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Concessions: Part 2

Our a very very very fine house...for being 89 years old!
Our a very very very fine house...for being 89 years old!
Melissa Estes

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So, let us continue with the saga that is living in a historic abode!

7. Your fear of creaks and sounds at night: Are you a light sleeper? Get over that. Does every sound you hear at night make you think someone is trying to break in? Get over that too. If you've had a pet, these noises can usually be blamed on them, but in an older home, you'll discover noises you never imagined existed. Sometimes, when I'm in the living room, over head I hear this high pitched squeal. I told the hubs about it and when he finally heard it, he traced it to the upstairs toilet valve. Oh, okay...THAT was random. The hardwoods creak in EVERY place, so if we had a teenager trying to sneak in after curfew, they'd be screwed. The house settles and emits sounds like an 89 year old man would do, I suppose.

8. The way you were taught to clean: Most cleaners, vacuums, and wipes aren't recommended for old floors, lead painted windowsills and painted concrete floors. What's a OCD lady to do? Steam mops were my best friend. Also, vacuum cleaners that say they're for hardwood exclusively are LIARS. They mean fake hardwood from 2011...not my 1925 real oak floors that are slanted and bumpy.

9. Your love of heat in the winter and air con in the summer: Here's your new reality, the upstairs atmosphere is always the direct opposite of what the downstairs atmosphere is and the upstairs exactly matches the external temperature outside. We have 0 blankets downstairs and 20 upstairs. Also, for our wedding, we registered for a window air conditioner for the upstairs bedroom. Yeah, welcome to the functionality of gifts instead of the glamour.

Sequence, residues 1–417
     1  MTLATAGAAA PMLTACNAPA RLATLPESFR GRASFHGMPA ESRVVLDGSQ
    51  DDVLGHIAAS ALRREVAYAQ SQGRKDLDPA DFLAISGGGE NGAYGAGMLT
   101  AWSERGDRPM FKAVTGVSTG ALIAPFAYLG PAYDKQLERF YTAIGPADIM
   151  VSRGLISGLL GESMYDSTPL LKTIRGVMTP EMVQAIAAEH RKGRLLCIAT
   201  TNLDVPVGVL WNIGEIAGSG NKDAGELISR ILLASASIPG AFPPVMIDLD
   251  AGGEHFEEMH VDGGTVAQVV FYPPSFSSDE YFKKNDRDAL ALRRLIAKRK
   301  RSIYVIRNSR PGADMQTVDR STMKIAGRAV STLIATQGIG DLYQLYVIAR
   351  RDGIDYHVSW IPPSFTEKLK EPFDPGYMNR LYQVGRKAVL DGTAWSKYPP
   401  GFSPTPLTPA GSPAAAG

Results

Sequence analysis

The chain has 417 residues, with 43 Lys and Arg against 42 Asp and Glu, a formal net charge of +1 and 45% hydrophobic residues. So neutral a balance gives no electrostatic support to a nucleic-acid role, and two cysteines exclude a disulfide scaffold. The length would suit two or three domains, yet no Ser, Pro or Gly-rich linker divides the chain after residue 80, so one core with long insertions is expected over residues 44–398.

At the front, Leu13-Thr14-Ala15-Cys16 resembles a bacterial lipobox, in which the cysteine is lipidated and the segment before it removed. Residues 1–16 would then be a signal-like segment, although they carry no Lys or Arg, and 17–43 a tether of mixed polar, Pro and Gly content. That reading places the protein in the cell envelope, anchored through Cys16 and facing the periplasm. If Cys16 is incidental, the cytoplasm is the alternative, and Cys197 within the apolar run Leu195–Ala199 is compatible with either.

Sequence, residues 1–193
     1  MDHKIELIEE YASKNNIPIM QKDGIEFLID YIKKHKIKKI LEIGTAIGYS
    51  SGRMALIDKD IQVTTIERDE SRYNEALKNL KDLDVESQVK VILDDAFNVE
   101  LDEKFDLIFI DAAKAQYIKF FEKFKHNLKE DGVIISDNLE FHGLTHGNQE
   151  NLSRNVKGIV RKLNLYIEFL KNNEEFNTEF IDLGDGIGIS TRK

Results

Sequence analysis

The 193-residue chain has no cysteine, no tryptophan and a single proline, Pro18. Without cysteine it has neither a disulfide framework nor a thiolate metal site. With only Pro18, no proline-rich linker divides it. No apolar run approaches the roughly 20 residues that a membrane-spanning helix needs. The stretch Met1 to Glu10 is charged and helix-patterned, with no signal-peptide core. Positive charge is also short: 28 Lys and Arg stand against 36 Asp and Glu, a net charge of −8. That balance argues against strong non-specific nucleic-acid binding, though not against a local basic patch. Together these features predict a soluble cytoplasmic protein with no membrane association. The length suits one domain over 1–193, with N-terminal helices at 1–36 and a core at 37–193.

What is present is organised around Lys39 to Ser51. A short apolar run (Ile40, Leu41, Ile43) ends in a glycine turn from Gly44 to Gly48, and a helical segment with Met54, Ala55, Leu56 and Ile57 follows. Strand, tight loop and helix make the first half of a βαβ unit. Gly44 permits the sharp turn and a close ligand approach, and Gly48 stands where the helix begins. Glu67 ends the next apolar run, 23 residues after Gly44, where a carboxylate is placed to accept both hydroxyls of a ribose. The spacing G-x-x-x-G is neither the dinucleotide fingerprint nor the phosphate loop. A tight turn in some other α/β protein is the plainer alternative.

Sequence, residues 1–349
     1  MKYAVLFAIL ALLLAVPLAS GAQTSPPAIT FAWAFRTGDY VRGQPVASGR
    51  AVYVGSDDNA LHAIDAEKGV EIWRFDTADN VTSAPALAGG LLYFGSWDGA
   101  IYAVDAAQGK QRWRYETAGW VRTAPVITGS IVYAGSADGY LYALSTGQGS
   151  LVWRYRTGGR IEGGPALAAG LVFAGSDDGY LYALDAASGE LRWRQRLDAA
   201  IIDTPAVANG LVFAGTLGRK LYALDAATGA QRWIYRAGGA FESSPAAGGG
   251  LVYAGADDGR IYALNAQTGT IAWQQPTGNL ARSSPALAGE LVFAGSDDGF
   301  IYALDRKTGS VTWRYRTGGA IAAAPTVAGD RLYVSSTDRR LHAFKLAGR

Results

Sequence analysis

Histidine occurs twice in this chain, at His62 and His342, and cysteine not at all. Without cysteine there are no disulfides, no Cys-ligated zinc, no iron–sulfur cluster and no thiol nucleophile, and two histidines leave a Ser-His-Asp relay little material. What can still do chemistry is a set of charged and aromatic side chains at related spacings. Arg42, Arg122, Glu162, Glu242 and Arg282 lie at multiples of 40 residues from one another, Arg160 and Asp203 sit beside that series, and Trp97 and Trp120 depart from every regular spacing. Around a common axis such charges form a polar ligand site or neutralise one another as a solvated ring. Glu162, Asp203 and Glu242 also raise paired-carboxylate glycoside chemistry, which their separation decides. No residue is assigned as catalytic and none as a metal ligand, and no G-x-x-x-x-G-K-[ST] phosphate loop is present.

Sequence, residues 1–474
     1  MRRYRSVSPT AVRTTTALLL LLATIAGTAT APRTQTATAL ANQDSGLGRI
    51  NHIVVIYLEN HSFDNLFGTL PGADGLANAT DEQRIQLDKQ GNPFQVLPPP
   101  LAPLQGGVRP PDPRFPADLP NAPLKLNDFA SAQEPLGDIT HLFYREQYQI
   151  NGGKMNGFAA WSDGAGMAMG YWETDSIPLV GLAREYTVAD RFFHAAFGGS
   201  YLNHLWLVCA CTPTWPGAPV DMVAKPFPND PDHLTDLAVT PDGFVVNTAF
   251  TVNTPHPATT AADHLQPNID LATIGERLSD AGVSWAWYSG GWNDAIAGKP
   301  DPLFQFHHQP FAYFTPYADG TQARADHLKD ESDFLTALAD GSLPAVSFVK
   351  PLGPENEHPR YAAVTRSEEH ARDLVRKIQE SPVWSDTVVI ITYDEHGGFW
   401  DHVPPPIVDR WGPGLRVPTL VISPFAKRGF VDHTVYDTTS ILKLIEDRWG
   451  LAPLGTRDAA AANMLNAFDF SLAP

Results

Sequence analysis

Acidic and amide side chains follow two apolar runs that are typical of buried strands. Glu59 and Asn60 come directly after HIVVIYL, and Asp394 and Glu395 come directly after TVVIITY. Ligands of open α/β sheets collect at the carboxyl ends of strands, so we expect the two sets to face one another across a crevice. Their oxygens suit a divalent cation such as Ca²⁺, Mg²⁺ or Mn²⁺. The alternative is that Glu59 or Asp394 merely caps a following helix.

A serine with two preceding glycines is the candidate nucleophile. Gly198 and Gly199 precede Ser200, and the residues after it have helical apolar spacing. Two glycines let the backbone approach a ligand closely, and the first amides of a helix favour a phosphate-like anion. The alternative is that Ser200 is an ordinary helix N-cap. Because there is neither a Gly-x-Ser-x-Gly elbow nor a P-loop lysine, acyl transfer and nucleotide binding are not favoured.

10. Your love of stuff: This just can't happen when you live in a place as old as our house. Clothes, trinkets, toys, electrical equipment, tvs, computers, your massive DVD collection, all must either be paired down or gotten rid of. You can't live like you're on an episode of Hoarders and you really shouldn't anyway. I've learned what's important and what's not. I also make at minimum 3 Goodwill trips as year. You accumulate so many things over the course of a year (birthdays, office meetings, parties, Christmas, people just giving you stuff) that it's really important, when you have a home tight on storage space, that you purge frequently. I don't miss anything that I've ever gotten rid of...the ole' ball and chain would sing a different tune, but I stand by this habit.

11. Anything EVER looking pristine: Living in an historic home is about the character, the rough around the edges spirit. It doesn't have that pristine, brand new build feel to it, and some people love that. Again, I'm learning to love it, but when you have in your head how a home should look, you're sadly disappointed when you're living with an older home. The hardwoods are ragged, the plaster is cracked, the brick is in serious need of some tuck-pointing, the basement steps make terrible noises and space is at a limit. You learn to do the best with what you have. There have been a few times that I've mopped and scrubbed the same exact spot because it looks just awful. Hubby has come up behind me and said, "You know that's just age on the wood...that's not coming off." is what it is and I've had to let it go. It's not my ideal but what in life ever is.

Basically, you're perfectionism must go right out the window. Instead, I'm trying to replace that perfectionism with pride, with the sense of history that surrounds me. I know that a lot of people made beautiful, wonderful memories here. And now I am a part of that. Birthdays, holidays, parties, best friends drinking over new neighborhood all occurred right where I'm sitting. The cracks in the plaster witnessed loving moments, the hardwoods have felt the gentle thunder of little feet playing, I'm living in a virtual historical postcard that still has a bunch of secrets to tell.

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